Of course there are exceptions and they are mostly in alpha male to beta female relationships (boss running off with the secretary bits) but it really seems like rich people mingle and match only with the rich.
1. You have money too?
This is the most obvious reason — you have lots? She does too. Good match.
2. Same social mores and circles
Moneyed folks have privileges of going to elite schools and end up with elite friends who then host or go to events where other elite friends from the same schools show up.
They don’t really have chances to meet with the hoi polloi because they don’t go to the same events to mingle, generally speaking.
Same values for better or worse as well — not frugal at all or prioritizing X over Y.
People might find it distasteful that someone can spend over 6-figures on a trinket or a watch, but this is not something unusual when you’re used to it.
My partner went to a very good school and met a lot of very rich kids, but he always told me felt a bit out of place in the sense that he did not have the same habits they did, the same culture, etc.. he had to double down and work harder to pick up things like how to handle cutlery at a formal meal when it just came naturally to the others.
He just never learned it and they never made him feel bad about it – they knew he was on a full scholarship because he was from a poor family from a bad area, and that made them respect him even more because they knew how hard he had to work to even reach their level when they had legions of money at their disposal to hire tutors, lived in the right zip codes, and the ability to spend summers in England to learn English, etc.
I also, went to a very rich school full of rich kids, and I did not have the same experience of being accepted, in fact, it was more the opposite.
Kids my age were dropping $1000s of dollars on accessories in Chanel on a weekend shopping whim, while I was working two full-time jobs.
Not exactly the same thing.
3. Lack of judgement from the other
You’d be surprised.
We judge rich people all the time. “Why did she buy a place that costs $200,000 a month just for the mortgage alone?!?”
For the amount spent on that car/wedding/pet(s) they could have done X, Y or Z with the cash instead.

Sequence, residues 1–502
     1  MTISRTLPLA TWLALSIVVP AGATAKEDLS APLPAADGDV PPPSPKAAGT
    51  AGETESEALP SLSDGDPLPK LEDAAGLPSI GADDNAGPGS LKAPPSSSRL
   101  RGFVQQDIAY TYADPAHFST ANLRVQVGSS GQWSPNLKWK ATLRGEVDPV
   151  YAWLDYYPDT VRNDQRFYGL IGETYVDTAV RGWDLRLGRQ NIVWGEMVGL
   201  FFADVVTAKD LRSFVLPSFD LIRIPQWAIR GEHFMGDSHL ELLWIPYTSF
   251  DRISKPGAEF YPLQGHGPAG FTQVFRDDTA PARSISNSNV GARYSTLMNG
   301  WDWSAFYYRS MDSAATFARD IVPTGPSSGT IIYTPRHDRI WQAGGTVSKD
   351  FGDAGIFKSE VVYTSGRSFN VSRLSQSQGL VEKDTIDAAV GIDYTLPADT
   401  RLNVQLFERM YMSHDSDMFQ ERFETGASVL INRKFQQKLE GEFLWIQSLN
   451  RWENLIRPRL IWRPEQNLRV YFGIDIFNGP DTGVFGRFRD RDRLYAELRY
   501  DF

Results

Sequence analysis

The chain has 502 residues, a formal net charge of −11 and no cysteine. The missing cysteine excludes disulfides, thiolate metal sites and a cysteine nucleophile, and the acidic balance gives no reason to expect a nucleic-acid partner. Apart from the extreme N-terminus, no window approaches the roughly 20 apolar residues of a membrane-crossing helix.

To a lesser extent I have the same issues.
“Why did she spend over six figures on a car? She should have put it towards an investment like a condo or in the stock market.”
“Why is she still shopping for designer goods? Doesn’t she have enough clothes already?”
These judgment calls are both good and bad.
The good is that it is my money so I can do WTF I want with it… and the bad is that people feel entitled to tell me what I should have done with it.
Some good comes out of the bad however — I consider what they’re saying and wonder if I should scale back in areas, I re-evaluate priorities and then decide what I want to do with the money. It at least makes me THINK twice even if I don’t change my behaviour.
I can see that being a “thing” with people who have far more than I do. Being judged by their spouse or the spouse’s family.
4. Less awkward gawking
Already grew up with money? It won’t look weird then if you don’t gawk at a huge McMansion or a fleet of expensive cars worth more than houses.
You also, won’t feel so uncomfortable in such situations and will know what they are saying when they ask you: “So where do you summer?”
It makes people less upset if they’re already used to it and they don’t have to make up for their spouse not being used to it all, or making awkward social gaffes that can only be criticized by those in that circle.
There is a lot of awkwardness with contrasting how your family does things versus someone else’s especially if money is a huge factor.